To achieve blockchain-to-blockchain interoperability, the common language that GS1 provides becomes particularly important, maintains Adams: “When we talk about interoperability, it really is that common language, that identification of the 'what' — or the Global Trade Item Number — as well as the 'where,' or Global Location Number.”

At the end of January 2020, GS1 US was planning at presstime to release a “getting started” guide about blockchain for its members, as part of its educational initiatives. “This will discuss the use of GS1 standards across blockchain, as well as things that companies might want to be aware of and consider before they really start outlining blockchain to support a particular business process,” explains Adams.

Elk Grove Village, Ill.-based food cooperative Topco Associates began testing a new blockchain solution from Purchase, N.Y.-based Mastercard last fall, following its decision a year earlier to join IBM Food Trust. Food City, one of Topco’s members, is initially using Mastercard’s blockchain-based Provenance Solution in tandem with Envisible’s Wholechain traceability system to provide better visibility into the ethical sourcing and environmental compliance of the seafood selection at its stores, including salmon, cod and shrimp to start.

Dan Glei, EVP of merchandising and marketing at Food City, which is owned and operated by Abingdon, Va.-based K-VA-T, noted in a press release that the solution will help the grocer “pinpoint issues in the food chain during any unfortunate events such as recalls.”

But the technology has an added bonus, as some of the same farm-to-fork information being captured for business needs can be shared on the consumer end. Deborah Barta, Mastercard’s SVP of innovation and startup engagement, says that her company collaborated with Envisible, a Bloomfield Hills, Mich.-based company that enables supply chain visibility in food systems, to address consumer demand for more transparency. “More and more, consumers are demanding an understanding of the origins of the food they eat to make more informed purchasing decisions,” she explains.

According to Barta, the solution is now live in Food City’s supply chain for seafood, and is on track to roll out to grocery stores during the first quarter of 2020. Consumers will be able to scan the QR code of the product at the counter with a mobile phone’s camera, which will then prompt a browser link that allows them to explore the journey of the items they’re purchasing, all the way back to the fisherman.

From Crop to Cup

While seafood seems like an obvious choice for blockchain, due to concerns over country of origin and counterfeit products, nonperishable products are also showing promise in pilots. Farmer Connect SA, based in Vernier, Switzerland, recently launched a mobile app powered by IBM Blockchain specifically with the coffee market in mind.

“There are fascinating, human stories behind how coffee is being produced, and this information is getting lost,” explains D.J. Bodden, COO of Farmer Connect. “We’d like it to become normal that when you walk in a store and buy a bag of coffee or tea or chocolate, that you be able to have a connection with the producer and the reality behind the supply chain.”

Farmer Connect developed the app with an impressive number of coffee players, including Beyers Koffie, the Colombian Coffee Growers Federation, J.M. Smucker Co. and RGC Coffee, just to name a few.

Bodden notes that today’s tech-savvy consumers, often with smartphones in hand, are more curious than ever about where their coffee comes from. Providing such information to customers can help create differentiation between brands and even between different roasting batches, he notes.

Additionally, the Thank My Farmer app lets consumers make a donation to support sustainability projects in the regions where their coffee was produced. “It doesn’t have to be a lot of money,” notes Bodden. “In some of these countries, $1 is considered quite a bit. And then, once the consumer has helped a specific community, it’s now something they’re tied to, as opposed to being just a generic product on a shelf.”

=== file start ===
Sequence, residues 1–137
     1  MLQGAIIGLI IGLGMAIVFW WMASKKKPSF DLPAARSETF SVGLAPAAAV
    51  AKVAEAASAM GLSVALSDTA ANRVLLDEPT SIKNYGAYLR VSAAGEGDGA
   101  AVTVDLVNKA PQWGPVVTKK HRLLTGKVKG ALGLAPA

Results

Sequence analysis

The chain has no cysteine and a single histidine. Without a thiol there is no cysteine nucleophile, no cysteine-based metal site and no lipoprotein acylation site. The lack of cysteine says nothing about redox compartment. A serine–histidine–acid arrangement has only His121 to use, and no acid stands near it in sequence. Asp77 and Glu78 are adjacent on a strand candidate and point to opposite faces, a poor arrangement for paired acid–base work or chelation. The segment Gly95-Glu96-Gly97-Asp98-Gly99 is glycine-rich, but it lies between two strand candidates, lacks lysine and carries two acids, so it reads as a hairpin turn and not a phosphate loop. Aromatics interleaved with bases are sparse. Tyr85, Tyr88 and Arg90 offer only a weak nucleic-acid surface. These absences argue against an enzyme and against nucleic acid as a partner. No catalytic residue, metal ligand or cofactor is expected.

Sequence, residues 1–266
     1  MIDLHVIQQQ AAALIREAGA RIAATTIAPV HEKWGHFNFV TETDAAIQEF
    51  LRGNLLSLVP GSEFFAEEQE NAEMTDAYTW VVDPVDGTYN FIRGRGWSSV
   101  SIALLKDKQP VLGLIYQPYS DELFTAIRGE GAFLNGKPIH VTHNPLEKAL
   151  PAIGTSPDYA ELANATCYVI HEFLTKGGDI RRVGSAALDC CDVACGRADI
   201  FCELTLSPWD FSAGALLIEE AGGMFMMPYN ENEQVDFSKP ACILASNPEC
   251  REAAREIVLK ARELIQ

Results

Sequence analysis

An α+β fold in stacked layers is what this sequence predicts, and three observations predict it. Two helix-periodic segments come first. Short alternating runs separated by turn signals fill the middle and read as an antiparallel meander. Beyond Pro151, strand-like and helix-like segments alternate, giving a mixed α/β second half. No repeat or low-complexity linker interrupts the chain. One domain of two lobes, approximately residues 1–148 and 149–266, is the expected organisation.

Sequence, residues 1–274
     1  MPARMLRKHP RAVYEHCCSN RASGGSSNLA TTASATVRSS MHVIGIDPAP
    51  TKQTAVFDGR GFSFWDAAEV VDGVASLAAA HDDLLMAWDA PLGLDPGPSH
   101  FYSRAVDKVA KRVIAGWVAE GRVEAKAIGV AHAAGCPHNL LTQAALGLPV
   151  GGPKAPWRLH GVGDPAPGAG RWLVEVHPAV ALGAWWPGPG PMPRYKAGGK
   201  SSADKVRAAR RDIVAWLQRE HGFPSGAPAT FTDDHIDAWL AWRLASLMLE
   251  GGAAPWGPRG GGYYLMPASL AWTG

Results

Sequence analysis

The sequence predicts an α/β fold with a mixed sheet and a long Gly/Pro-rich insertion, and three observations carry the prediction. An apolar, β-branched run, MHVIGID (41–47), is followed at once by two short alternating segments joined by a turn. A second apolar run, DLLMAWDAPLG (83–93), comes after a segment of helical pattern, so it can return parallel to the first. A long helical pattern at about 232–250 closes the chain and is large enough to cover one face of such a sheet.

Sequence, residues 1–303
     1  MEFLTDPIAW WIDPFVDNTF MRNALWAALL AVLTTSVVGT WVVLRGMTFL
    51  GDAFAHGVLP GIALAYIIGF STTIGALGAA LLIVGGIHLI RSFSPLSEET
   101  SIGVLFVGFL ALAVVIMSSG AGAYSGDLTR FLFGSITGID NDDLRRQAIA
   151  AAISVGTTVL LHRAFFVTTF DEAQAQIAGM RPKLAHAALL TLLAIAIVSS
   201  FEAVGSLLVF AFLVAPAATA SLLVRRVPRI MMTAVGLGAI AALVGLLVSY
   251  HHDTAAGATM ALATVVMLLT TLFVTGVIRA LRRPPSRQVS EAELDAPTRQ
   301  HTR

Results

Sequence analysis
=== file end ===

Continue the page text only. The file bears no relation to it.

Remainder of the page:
The app is expected to launch to the general market this spring, he says. At that time, users in the United States and Canada will be able to scan QR codes on 1850 brand premium single-origin coffee.

Other Potential Uses

Produce has been tracked by blockchain from the very beginning, and Newton Square, Pa.-based SAP Industries continues to make progress with one of its initial partners, Chilean berry producer Naturipe Farms, using the SAP Cloud Platform Blockchain solution. Naturipe now regularly employs the solution from the time of harvest, when harvesters stick QR codes on the crates of berries being picked, all the way through the supply chain to retail stores.

“Once at the store, customers can scan these QR codes on their smartphones to see exactly where the berries were grown and learn about sustainability practices from the farm,” explains Lori Mitchell-Keller, co-president of SAP Industries. She notes another advantage for companies using the traceability tool: “Because of border patrol and other supply chain bottlenecks, reporting from blockchain frees up lengthy delays in shipment.”

As blockchain becomes more widely adopted in the industry, companies will likely continue to discover even more uses for the technology. FMI - The Food Industry Association noted in a recent blog that blockchain could also be used to track trade promotions, facilitate the payment of invoices and verify that goods were transported as specified.

Tegan Keele, U.S. blockchain program lead at KPMG U.S., says that her company is seeing interest from supermarkets that want to explore the idea of creating new loyalty programs, or update existing ones, that leverage blockchain-based tokenization to bring additional value to their customers, particularly younger Millennials and Gen Zers.

And Walmart Canada will reportedly soon begin using blockchain technology to track deliveries, verify transactions, and automate payments and reconciliation between the company and its third-party trucking companies.

Meanwhile, the tech industry will continue to hash out the challenges of blockchain interoperability, with the hope that different systems working together could one day have a dramatic impact on food safety. 

About the Author

Jenny McTaggart

Jenny McTaggart

Jenny McTaggart is a contributing editor at Progressive Grocer. Read More